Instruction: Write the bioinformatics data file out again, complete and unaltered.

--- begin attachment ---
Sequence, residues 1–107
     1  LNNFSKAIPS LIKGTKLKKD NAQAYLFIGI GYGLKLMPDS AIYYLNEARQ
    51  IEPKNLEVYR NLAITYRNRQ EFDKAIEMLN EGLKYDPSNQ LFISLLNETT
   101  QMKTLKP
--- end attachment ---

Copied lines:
Sequence, residues 1–107
     1  LNNFSKAIPS LIKGTKLKKD NAQAYLFIGI GYGLKLMPDS AIYYLNEARQ
    51  IEPKNLEVYR NLAITYRNRQ EFDKAIEMLN EGLKYDPSNQ LFISLLNETT
   101  QMKTLKP